Sunday, 30 March 2014
Sometimes continuity is better than change: Arsenal 1 Man City 1
Arsenal 1 Man City 1
At half-time yesterday, Arsene Wenger was faced with a tactical conundrum. Jesus Navas and Pablo Zabaleta were over-powering Kieran Gibbs due to Lukas Podolski's defensive incompetence. TV pundits advocated substituting Podolski and replacing him with a more defensive player. And yet Wenger did nothing of the sort: in fact, he doubled down on Podolski.
Attack-wise, Podolski had probably offered more than any other Arsenal player in the first half and Wenger recognised this. Arsenal played even more down the left in the second half, committing more bodies to that part of the pitch and created three terrific chances from that position: first, Podolski put in a brilliant cross which Olivier Giroud might have done better with; then, he put in a cross that Mathieu Flamini did put away; and then he himself had a chance as a result of a lucky ricochet and probably should have scored.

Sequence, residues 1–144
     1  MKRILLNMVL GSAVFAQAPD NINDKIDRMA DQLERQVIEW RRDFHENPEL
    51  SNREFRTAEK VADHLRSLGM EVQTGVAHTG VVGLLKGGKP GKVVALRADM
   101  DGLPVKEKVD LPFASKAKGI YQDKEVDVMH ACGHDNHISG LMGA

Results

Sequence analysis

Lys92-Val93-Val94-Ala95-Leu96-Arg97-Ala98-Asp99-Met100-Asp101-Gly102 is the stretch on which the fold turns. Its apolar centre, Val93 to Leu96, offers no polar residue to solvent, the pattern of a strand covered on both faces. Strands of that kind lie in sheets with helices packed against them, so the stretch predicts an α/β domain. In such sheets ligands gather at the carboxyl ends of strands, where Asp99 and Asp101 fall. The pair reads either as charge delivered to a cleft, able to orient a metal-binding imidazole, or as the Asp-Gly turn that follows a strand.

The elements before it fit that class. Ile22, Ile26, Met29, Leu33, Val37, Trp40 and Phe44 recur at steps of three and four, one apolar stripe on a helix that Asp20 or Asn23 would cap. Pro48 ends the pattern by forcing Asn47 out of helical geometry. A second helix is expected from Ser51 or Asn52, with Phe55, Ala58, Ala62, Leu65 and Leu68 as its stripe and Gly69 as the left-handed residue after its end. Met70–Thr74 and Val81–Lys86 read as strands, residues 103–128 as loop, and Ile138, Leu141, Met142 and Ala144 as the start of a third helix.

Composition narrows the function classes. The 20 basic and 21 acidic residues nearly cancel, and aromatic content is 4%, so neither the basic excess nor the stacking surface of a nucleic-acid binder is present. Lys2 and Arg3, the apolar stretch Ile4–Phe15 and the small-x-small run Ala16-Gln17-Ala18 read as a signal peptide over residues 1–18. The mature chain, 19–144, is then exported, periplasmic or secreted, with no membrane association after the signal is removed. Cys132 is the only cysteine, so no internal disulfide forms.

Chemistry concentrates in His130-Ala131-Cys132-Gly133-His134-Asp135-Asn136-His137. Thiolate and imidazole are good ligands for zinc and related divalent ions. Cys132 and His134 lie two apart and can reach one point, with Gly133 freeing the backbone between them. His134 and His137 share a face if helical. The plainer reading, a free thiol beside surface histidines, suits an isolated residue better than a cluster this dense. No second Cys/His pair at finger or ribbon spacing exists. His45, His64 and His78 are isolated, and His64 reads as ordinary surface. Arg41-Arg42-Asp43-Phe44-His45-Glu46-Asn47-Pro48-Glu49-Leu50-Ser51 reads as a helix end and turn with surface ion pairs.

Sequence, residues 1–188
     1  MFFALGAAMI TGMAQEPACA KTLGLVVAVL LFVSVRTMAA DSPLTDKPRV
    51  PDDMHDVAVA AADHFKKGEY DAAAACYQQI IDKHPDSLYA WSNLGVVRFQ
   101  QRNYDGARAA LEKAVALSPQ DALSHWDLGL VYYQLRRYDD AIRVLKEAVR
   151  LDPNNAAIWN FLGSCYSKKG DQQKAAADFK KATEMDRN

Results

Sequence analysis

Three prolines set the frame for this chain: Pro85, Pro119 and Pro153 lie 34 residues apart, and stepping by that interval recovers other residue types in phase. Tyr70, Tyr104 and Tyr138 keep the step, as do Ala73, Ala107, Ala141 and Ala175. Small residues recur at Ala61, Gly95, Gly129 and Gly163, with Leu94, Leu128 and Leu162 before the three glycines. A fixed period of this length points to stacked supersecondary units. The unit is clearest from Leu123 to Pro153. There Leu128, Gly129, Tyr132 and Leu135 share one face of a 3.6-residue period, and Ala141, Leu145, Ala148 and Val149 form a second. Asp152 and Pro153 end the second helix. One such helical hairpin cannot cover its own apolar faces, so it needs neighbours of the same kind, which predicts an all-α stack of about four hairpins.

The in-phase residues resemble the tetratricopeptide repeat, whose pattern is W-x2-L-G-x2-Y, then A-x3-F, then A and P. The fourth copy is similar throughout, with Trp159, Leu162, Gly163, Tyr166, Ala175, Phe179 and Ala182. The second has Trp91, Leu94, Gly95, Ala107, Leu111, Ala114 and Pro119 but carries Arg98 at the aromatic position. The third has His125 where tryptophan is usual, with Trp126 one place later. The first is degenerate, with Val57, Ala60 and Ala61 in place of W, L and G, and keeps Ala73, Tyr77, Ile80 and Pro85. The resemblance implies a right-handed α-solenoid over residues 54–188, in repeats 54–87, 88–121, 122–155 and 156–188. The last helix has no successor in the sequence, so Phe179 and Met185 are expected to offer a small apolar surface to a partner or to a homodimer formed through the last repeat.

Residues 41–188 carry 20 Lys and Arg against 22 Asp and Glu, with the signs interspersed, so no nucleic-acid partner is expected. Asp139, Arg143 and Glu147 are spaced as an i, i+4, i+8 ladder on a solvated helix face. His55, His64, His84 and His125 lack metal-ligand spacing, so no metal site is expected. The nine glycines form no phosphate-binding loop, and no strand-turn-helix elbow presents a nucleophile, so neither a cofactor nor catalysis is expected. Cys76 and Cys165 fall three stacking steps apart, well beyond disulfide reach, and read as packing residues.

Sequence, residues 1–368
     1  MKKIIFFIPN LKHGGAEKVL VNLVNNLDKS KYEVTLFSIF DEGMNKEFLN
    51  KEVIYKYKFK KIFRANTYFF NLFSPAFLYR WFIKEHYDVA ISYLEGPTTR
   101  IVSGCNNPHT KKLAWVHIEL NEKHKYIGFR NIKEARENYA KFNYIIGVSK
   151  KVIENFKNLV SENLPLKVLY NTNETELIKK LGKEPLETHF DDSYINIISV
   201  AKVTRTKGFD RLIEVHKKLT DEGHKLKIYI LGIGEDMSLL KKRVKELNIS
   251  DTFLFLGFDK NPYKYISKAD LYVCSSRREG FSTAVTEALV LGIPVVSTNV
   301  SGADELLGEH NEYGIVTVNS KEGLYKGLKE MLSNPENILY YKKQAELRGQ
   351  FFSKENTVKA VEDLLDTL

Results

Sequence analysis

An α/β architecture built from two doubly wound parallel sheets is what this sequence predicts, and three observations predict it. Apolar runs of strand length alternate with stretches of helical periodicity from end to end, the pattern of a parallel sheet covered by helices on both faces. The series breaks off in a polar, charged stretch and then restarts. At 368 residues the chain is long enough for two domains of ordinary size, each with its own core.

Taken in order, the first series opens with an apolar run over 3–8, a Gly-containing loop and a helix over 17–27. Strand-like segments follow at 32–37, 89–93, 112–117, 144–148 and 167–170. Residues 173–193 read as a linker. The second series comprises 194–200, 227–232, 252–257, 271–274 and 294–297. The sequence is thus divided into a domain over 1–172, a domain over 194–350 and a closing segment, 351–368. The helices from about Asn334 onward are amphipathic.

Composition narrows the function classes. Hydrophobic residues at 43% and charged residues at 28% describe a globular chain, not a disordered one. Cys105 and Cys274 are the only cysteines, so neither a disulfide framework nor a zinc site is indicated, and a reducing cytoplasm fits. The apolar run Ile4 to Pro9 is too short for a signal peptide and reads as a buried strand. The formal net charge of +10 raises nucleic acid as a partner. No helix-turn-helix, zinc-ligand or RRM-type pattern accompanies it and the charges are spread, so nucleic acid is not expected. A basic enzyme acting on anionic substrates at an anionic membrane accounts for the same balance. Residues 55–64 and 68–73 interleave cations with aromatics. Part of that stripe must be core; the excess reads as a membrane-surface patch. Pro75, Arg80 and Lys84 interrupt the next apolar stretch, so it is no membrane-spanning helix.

It's a really important lesson: sometimes continuity is better than change - conservatism (with a small c) has its place. The response of the armchair tactician would have been to become even more defensive. Instead, Wenger and Arsenal went for it and were rewarded.
The ludicrous media depiction of Arsene Wenger as some sort of tactical neanderthal who only knows how to play one way is just stupid. Sure, his teams tend to play a similar style. But if you think that means the tactics are always the same, you really shouldn't be allowed to express an opinion about football. Here he was, making a tactical tweak against one of the best tacticians out there and getting it right. Still though, it's all about narratives and this is an established one.
Yestersay's result also underscores the fine margins in football: two weeks ago, Arsenal were able to play defensively at White Hart Lane because of Tomas Rosicky's goal; last week, if Giroud had taken his early chance, Arsenal might well have mirrored those tactics: instead it turned into a clusterfuck. Against City, it could so easily have gone 2-0 early in the second half because of Arsenal's continued attacking mindset. Instead, Arsenal equalised and were perhaps unfortunate not to find a winning goal. On such small margins do whole seasons change. Just look at Dennis Bergkamp's penalty in 1999 against United as proof of that.
Keep the faith.
Posted by Adam at 11:59